Excluded Middle or Expanded Middle?
- There are two opposite, extreme views on demons and
evil spirits: The first one denies denys their existence and the second exteme attributes anything
negative to them.
- Both of these views do not reflect what Scripture says.
Furthermore, they both hinder cross-cultural missionaries from ministering to people feeling beset
by invisible spiritual forces.
- The Bible confirms the existence of the spirit world but also
delineates the limits on what evil powers can do.
- The challenge for missionaries is to allow Scripture to shape
their worldview, avoiding the extremes of debunking spiritual forces or cowering in fear at the
demons believed to be under every chair.
Mission Briefing: Ideas that shape world mission outreach today
In Screwtape Letters, author C.S. Lewis, who also wrote The Chronicles of
Narnia, expressed disapproval of two polar opposite views on demons and evil spirits:
- First view: Demonic spirits do not exist.
- Second view: Demons are always in our lives and wreaking havoc everywhere.
Christian missionaries have sometimes gravitated toward one or the other of those views.
That's sad since neither position really reflects what Scripture says.
Missionary anthropologist Paul Hiebert said that the first view -- demons don't exist -- has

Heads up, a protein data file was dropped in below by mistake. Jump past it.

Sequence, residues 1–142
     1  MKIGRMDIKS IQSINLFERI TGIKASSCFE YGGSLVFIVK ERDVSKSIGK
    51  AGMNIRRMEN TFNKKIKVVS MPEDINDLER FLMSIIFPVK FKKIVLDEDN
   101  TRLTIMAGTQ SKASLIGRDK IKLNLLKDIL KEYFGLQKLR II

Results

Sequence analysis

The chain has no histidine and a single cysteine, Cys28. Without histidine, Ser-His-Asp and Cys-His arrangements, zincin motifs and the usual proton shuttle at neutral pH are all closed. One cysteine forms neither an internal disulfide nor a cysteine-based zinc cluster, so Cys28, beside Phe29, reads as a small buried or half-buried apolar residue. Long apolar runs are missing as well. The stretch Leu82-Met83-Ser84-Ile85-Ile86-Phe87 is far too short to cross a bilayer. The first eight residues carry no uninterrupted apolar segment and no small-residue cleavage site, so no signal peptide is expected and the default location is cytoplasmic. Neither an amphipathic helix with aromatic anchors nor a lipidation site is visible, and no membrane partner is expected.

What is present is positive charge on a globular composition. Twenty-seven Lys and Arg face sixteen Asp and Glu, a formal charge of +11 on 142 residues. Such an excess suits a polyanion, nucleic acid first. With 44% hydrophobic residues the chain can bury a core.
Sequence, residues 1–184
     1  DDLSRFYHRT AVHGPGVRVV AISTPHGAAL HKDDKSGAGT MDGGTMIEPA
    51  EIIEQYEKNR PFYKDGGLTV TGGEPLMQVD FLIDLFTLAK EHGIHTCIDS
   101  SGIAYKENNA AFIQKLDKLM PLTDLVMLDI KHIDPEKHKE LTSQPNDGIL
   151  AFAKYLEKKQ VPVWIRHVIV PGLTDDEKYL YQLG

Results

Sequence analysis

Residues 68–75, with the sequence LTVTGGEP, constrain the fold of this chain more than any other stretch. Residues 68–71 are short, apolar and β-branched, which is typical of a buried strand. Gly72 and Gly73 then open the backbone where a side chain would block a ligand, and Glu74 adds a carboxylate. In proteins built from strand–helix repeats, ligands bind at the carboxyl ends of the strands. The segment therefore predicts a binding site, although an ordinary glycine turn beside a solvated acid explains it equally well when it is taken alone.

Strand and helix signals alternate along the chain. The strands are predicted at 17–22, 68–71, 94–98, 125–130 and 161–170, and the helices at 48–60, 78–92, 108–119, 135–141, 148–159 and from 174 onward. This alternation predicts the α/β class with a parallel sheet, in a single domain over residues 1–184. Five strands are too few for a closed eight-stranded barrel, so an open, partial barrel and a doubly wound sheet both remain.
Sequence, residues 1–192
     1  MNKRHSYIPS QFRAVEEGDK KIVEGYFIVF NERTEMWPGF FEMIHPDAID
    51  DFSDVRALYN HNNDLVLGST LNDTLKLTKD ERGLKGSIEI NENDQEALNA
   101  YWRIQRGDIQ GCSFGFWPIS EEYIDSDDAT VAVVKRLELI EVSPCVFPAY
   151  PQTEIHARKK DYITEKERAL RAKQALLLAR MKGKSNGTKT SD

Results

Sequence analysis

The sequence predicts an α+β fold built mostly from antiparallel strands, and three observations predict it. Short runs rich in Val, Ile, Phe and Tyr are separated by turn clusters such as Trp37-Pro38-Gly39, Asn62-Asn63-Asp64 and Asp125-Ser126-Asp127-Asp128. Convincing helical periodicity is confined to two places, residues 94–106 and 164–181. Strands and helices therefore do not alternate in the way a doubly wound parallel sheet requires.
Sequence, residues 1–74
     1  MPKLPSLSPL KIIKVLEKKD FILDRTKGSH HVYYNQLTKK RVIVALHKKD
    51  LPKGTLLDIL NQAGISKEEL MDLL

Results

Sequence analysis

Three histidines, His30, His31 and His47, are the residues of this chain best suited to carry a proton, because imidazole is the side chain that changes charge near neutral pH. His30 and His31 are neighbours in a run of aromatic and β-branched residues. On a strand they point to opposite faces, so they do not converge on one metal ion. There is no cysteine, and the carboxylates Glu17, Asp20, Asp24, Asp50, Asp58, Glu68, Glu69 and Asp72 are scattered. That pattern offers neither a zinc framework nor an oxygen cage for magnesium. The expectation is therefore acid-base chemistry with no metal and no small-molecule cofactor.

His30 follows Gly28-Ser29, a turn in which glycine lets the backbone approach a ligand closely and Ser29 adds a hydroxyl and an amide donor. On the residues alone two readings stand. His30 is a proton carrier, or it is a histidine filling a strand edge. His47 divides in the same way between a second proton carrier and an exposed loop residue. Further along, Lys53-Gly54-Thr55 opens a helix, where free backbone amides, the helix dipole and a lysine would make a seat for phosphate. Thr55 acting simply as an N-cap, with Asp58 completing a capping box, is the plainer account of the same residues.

created a "flaw of the excluded middle." Hiebert noted that believers who have been heavily
influenced by a rationalist worldview generally acknowledge only two kinds of reality:
- Invisible other-worldly entities such as God, Satan, and angels
- The visible things in this world, such as birds, rocks, and trees
As a result, things in between or in the "middle" -- such as ancestral spirits, the evil eye,
magical forces, astrology, local demons, and ghosts -- are excluded from being "real" in people's
minds. Thus, people's fears of evil spirits are simply dismissed rather than the power of Christ
over them being proclaimed. Hiebert said that dismissing things in that middle as not real makes it
difficult to minister to people feeling beset by invisible spiritual forces.
Missionary to India and noted theologian Leslie Newbigin further argued that denying the
existence of middle-domain supernatural forces actually turns missionaries into a secularizing
force in the lives of the very people they are trying to serve.
Actually, the Bible does not give us any wiggle room to argue against the objective reality of
the spirit world. On the other hand, it needs to be said that passages in Mark's
Gospel1, Romans2, and 1 Corinthians3 make clear that
there are definite limits to what evil powers can do.
The second view denounced by Lewis -- in which all negative things in life are attributed to
demons -- leads to an expanded rather than an excluded middle. This
"expanded middle" is especially evident when people attribute their own behavior to a "demon of
discouragement" or a "demon of procrastination" or when they veer off into promoting the idea
of "territorial spirits."
If C. S. Lewis was right -- and I believe he was -- the challenge for cross-cultural
missionaries today is to refrain from forcing Scripture to conform to one of the two extreme